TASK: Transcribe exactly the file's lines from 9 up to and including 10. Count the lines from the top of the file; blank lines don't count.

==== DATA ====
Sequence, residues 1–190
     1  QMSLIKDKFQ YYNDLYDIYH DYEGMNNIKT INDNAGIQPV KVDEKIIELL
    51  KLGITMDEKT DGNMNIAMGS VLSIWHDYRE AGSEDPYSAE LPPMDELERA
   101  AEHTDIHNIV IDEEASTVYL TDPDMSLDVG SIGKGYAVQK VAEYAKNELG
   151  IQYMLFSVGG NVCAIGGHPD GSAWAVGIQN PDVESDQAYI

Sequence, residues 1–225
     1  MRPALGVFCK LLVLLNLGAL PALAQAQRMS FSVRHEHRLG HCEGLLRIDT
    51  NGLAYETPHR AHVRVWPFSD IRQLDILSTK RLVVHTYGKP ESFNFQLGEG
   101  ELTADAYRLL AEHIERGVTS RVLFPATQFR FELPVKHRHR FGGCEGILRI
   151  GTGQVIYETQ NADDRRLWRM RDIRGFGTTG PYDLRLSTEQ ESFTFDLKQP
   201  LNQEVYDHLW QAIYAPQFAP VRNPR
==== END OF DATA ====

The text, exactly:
   101  ELTADAYRLL AEHIERGVTS RVLFPATQFR FELPVKHRHR FGGCEGILRI
   151  GTGQVIYETQ NADDRRLWRM RDIRGFGTTG PYDLRLSTEQ ESFTFDLKQP